January 2006 Issue of Wines & Vines

Baja California: better quality, bigger market

by Paul Franson
Baja California: better quality, bigger market
Monte Xanic Winery overlooks the vineyards of Guadalupe Valley.
If the United States had been a little less generous, Baja California might have been the 51st state--and its wines widely consumed instead of little known among Americans.

When the U.S. wrenched half of Mexico's territory away in the Mexican War of 1846, it originally considered keeping Baja California, too, but gave in to the Mexican fear of having much of its West Coast blanketed by another country. So after stealing California and the whole Southwest, we graciously left our neighboring nation the mostly barren peninsula, and even set the border far enough north to provide a land bridge to the mainland of Mexico. (Baja California means Lower California; Mexicans refer to the U.S. state as Alta California, or Upper California.)

This political border, however, obscures the similarity of the climate and terrain of the two Californias. The coast region of northern Baja California is very much like that of Alta California, and its coastal valleys offer similar marine-influenced growing conditions. While winegrapes are grown in the higher elevations of the Mexican mainland, Baja California seems especially amenable to better wines, and 90% of Mexico's wines are produced in this region.

The coastal valleys of northern Baja California around Ensenada are remarkably similar to those of Santa Barbara County and some other parts of California, and the winemakers of Baja are exploiting those similarities to increasingly produce wines comparable to those grown north of the border.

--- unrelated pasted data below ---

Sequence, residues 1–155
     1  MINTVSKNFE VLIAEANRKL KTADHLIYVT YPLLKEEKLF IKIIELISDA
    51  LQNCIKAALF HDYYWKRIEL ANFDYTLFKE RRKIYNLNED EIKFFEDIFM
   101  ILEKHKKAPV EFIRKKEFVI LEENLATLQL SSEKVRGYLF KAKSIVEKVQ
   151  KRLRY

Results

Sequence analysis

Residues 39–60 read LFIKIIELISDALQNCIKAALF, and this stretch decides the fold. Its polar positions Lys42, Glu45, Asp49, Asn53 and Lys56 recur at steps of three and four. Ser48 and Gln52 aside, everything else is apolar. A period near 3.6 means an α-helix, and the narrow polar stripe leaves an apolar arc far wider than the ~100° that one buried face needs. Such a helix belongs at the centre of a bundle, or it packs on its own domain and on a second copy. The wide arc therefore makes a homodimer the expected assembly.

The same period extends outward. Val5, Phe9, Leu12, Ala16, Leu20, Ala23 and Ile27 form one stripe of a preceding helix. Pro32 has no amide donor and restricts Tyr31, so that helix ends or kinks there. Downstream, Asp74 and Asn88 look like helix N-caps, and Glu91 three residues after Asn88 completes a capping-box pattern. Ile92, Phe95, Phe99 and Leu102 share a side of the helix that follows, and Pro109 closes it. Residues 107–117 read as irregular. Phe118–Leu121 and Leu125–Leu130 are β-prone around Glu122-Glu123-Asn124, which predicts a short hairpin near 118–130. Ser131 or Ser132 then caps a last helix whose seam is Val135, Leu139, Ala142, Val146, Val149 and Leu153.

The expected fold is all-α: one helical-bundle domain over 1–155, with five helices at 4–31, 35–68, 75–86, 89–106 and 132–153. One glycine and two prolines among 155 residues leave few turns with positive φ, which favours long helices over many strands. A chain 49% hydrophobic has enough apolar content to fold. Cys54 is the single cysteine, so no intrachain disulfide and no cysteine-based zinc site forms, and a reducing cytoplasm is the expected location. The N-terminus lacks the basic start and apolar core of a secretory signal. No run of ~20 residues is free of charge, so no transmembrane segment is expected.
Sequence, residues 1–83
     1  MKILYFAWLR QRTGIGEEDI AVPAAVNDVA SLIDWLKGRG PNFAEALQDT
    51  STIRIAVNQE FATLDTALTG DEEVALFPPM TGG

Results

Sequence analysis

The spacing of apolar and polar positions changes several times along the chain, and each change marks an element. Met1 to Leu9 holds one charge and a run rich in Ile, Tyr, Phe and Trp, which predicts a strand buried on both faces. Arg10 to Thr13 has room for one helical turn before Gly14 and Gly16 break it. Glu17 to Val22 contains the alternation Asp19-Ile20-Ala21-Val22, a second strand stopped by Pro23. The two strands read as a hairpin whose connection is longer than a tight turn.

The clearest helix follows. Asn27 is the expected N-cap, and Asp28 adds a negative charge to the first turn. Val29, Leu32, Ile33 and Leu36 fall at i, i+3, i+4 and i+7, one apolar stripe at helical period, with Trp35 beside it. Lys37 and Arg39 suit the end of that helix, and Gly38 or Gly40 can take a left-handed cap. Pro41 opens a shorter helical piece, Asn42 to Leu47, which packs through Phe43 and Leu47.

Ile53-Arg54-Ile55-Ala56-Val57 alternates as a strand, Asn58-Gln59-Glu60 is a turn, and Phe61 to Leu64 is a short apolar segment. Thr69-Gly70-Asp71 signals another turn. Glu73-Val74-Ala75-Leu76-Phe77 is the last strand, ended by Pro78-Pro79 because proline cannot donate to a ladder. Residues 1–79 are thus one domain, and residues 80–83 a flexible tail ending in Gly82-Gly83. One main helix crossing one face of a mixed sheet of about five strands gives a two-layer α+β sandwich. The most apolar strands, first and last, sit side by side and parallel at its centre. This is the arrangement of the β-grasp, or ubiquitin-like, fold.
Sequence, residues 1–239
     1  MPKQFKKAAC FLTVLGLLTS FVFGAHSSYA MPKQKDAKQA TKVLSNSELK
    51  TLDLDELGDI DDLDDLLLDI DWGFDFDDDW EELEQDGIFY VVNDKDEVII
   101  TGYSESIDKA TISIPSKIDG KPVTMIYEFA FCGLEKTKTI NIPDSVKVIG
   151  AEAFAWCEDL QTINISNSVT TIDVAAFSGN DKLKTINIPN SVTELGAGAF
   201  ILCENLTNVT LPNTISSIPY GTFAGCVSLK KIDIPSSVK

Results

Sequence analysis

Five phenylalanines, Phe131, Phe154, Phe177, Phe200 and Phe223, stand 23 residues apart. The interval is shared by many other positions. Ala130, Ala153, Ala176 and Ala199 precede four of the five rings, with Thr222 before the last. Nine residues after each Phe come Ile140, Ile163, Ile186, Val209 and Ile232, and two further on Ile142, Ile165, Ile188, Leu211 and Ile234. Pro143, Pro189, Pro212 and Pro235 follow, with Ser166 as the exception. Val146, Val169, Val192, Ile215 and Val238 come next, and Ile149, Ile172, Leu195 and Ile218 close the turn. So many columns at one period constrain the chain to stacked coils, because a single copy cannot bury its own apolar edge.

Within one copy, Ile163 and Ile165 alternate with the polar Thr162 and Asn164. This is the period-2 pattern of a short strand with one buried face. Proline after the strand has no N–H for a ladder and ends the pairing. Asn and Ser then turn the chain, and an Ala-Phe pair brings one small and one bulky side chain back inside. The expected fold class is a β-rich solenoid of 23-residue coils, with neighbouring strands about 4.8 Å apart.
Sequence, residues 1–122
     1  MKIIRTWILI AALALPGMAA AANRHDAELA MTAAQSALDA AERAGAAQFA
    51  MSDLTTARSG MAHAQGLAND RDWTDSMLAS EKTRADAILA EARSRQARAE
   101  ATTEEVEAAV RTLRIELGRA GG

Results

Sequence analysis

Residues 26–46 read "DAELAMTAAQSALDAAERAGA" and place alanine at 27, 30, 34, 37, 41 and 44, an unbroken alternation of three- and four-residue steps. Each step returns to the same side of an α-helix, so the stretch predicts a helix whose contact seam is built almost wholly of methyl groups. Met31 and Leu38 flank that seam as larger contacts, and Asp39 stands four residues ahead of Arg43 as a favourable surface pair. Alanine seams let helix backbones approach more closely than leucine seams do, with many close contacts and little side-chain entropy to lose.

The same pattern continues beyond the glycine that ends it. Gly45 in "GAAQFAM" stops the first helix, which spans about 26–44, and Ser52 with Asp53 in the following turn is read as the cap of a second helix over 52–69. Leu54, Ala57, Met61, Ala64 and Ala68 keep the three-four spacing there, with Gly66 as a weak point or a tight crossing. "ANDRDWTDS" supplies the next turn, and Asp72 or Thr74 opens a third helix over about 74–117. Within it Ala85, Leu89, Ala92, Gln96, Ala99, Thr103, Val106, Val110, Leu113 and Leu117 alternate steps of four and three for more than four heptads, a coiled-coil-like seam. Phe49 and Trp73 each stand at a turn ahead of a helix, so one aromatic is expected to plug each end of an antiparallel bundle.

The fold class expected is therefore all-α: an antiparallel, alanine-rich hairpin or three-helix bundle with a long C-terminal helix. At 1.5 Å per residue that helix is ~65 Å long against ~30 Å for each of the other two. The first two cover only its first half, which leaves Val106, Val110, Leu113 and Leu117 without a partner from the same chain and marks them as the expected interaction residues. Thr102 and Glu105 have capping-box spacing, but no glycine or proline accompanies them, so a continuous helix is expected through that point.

In doing so, they're overcoming a long history of mediocre winemaking. European winegrapes arrived in Mexico in 1697 with the early Spanish padres, who needed wine for communion. That wine was mostly made from the Mission grape, an undistinguished red vinifera variety widely planted in Argentina as Criolla and in Chile as Païs--and even in California until fairly recently.

The Lay Of The Land

Those who picture Baja California as a cactus-strewn desert or tropical beach aren't wrong--but they're not picturing northwest Baja California. It's mountainous in part, with broad fertile plains extending to the Pacific in many places. Picture the Santa Maria Valley of Santa Barbara County and you'll be close.

The region's four main valleys stretch perpendicular to the Pacific Ocean, giving each a marine climate. The main wine-producing area in Baja California is the Guadalupe Valley (Valle de Guadalupe), and most of Baja's wineries are located within this valley about a two-hour drive from the U.S./Mexico border at Tijuana.